"The SEALS Removed One Threat To America. Remove The Other In November"

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Depleted Texas lakes expose ghost towns, graves Score: More about Printer Friendly Send to a Friend Save as PDF Read More...

Posted on Wednesday, December 14, 2011 @ 23:08:20 EST in Texas
by Southern


Johnny C. Parks died two days before his first birthday more than a century ago. His grave slipped from sight along with the rest of the tiny town of Bluffton when Lake Buchanan was filled 55 years later.

Now, the cracked marble tombstone engraved with the date Oct. 15, 1882, which is normally covered by 20 to 30 feet of water, has been eerily exposed as a yearlong drought shrinks one of Texas' largest lakes.

Across the state, receding lakes have revealed a prehistoric skull, ancient tools, fossils and a small cemetery that appears to contain the graves of freed slaves. Some of the discoveries have attracted interest from local historians, and looters also have scavenged for pieces of history. More than two dozen looters have been arrested at one site.

"In an odd way, this drought has provided an opportunity to view and document, where appropriate, some of these finds and understand what they consist of," said Pat Mercado-Allinger, the Texas Historical Commission's archeological division director. "Most people in Texas probably didn't realize what was under these lakes."

Texas finished its driest 12 months ever with an average of 8.5 inches of rain through September, nearly 13 inches below normal. Water levels in the region's lakes, most of which were manmade, have dropped by more than a dozen feet in many cases.

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Texas store refuses to give gun lessons Score: More about Printer Friendly Send to a Friend Save as PDF

Posted on Friday, November 04, 2011 @ 01:59:32 EDT in Texas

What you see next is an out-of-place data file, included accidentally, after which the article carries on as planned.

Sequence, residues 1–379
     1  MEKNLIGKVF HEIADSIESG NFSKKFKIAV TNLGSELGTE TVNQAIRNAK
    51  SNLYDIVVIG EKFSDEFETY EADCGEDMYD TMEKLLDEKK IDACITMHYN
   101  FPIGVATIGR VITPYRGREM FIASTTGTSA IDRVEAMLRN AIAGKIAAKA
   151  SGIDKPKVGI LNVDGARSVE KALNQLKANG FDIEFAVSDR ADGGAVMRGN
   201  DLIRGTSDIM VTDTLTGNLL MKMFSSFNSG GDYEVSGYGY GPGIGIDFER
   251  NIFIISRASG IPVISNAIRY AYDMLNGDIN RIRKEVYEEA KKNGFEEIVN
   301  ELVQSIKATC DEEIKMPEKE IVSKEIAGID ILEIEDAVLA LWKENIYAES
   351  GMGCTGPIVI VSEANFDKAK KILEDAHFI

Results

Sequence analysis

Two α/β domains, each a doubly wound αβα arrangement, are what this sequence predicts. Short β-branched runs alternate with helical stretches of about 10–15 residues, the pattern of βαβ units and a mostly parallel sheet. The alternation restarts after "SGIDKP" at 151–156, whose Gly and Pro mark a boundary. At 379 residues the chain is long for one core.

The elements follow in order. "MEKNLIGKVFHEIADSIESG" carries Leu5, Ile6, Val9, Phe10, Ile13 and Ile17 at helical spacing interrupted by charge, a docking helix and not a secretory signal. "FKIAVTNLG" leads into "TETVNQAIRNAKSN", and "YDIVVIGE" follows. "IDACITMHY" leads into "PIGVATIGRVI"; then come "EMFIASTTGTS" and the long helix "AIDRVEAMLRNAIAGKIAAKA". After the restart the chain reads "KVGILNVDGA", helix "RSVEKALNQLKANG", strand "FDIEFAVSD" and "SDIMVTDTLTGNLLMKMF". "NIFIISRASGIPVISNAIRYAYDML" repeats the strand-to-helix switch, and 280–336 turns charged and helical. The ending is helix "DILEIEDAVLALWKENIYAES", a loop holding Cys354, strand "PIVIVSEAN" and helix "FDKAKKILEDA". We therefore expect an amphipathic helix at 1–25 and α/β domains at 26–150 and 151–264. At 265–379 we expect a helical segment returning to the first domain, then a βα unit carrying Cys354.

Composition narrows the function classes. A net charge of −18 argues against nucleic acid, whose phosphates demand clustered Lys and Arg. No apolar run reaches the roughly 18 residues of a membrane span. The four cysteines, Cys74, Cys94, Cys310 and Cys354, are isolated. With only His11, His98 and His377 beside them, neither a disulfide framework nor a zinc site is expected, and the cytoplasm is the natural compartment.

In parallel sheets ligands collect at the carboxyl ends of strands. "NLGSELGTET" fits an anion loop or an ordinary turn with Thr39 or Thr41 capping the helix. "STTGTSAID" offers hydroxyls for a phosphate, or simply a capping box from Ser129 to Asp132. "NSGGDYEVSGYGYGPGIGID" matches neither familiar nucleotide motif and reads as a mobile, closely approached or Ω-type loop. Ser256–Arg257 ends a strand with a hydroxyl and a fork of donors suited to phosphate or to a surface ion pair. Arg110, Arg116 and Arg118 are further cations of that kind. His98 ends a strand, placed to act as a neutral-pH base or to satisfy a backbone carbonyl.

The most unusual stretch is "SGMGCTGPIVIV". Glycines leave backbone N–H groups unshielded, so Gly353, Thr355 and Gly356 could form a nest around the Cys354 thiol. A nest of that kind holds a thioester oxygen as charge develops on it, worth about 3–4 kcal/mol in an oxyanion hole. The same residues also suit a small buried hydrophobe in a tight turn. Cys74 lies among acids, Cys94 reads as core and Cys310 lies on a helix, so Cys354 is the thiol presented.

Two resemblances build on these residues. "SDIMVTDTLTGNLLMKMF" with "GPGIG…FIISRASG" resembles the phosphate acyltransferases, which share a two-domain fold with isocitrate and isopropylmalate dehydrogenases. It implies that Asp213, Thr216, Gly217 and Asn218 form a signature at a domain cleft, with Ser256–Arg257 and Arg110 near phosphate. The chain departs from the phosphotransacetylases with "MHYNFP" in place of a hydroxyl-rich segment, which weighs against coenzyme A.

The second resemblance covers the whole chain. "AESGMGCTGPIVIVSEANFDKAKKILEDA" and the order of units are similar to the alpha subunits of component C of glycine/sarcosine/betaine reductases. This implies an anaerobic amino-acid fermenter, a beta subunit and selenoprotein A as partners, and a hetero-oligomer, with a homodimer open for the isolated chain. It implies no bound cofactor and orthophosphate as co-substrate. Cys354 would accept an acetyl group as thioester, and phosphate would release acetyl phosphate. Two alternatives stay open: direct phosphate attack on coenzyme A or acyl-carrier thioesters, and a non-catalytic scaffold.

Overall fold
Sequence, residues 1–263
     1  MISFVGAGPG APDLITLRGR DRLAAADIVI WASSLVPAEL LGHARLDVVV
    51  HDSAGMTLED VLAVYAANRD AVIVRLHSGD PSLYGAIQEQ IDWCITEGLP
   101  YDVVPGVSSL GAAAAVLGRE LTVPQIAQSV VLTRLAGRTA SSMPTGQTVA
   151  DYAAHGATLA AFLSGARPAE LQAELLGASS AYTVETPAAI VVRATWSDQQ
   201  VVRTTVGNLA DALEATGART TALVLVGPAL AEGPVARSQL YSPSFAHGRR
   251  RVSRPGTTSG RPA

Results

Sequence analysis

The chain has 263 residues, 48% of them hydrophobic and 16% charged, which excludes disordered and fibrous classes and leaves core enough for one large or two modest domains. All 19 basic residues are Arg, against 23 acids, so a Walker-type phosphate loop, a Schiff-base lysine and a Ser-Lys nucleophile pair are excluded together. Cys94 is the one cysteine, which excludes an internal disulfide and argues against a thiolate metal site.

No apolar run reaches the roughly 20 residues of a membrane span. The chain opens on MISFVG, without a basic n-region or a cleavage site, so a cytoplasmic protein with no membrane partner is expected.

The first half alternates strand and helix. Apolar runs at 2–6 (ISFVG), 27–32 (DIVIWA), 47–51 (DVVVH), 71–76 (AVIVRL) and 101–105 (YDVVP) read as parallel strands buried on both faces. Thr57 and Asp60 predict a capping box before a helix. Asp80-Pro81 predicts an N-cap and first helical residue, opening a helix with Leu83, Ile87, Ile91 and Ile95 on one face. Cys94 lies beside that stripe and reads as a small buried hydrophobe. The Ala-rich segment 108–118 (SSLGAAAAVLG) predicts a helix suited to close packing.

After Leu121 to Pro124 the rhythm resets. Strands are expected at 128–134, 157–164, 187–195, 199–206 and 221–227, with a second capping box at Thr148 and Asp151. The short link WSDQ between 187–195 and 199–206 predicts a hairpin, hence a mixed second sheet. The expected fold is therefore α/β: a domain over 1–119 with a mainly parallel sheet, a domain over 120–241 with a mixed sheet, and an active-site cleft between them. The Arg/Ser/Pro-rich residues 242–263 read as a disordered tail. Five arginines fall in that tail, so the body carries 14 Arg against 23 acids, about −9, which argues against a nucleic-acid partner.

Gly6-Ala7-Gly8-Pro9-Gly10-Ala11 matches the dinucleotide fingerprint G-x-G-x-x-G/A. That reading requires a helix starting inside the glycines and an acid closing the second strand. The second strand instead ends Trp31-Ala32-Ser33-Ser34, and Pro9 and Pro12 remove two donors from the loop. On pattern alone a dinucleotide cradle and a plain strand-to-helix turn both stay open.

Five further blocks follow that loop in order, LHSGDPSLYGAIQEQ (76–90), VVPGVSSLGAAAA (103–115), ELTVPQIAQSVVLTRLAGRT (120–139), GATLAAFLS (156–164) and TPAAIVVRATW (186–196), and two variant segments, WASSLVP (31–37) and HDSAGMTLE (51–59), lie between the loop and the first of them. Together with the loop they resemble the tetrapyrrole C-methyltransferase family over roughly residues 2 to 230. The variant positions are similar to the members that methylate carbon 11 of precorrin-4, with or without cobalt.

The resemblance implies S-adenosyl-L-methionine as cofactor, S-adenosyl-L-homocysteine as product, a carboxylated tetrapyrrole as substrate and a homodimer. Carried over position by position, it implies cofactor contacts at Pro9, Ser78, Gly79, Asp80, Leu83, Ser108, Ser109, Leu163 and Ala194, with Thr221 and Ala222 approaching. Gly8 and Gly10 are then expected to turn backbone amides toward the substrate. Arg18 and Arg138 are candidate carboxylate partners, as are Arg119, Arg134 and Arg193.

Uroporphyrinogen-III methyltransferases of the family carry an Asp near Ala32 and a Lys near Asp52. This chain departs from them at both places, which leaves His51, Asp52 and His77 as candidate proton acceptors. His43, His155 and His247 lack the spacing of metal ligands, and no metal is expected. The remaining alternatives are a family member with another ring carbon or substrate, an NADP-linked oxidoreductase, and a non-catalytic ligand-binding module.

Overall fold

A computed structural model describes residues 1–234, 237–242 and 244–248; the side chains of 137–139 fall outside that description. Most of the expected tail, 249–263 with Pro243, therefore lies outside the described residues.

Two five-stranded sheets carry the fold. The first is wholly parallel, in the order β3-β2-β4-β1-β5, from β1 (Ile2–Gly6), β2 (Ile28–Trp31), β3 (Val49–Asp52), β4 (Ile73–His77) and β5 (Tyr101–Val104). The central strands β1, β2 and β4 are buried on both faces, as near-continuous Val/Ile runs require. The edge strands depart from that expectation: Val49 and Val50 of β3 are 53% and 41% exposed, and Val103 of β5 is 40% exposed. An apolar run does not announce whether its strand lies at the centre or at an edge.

by Southern

to Obama supporters & "Arabs"(radio ad)

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Texas prisons end special last meals in executions Score: More about Printer Friendly Send to a Friend Save as PDF Read More...

Posted on Sunday, October 02, 2011 @ 01:00:46 EDT in Texas
by Southern



It's a tradition with roots that can be traced far back in history: Before being put to death, a condemned prisoner can choose his last meal.

Not so anymore in Texas.

Officials who oversee the country's busiest death chamber stopped the practice on Thursday after a prominent state senator complained about a hefty request from a man executed for his role in a notorious dragging death. Now, inmates get to eat only what the kitchen serves.

The controversy began after Lawrence Russell Brewer, who was executed on Wednesday for the hate crime slaying of James Byrd Jr. more than a decade ago, asked for two chicken fried steaks, a triple-meat bacon cheeseburger, fried okra, a pound of barbecue, three fajitas, a meat lover's pizza, a pint of ice cream and a slab of peanut butter fudge with crushed peanuts. Prison officials said Brewer didn't eat any of it.

"It is extremely inappropriate to give a person sentenced to death such a privilege," Sen. John Whitmire, chairman of the Senate Criminal Justice Committee, wrote in a letter Thursday to Brad Livingston, the executive director of the Texas Department of Criminal Justice.

Within hours, Livingston said the senator's concerns were valid and the practice of allowing death row offenders to choose their final meal was history.

"Effective immediately, no such accommodations will be made," Livingston said. "They will receive the same meal served to other offenders on the unit."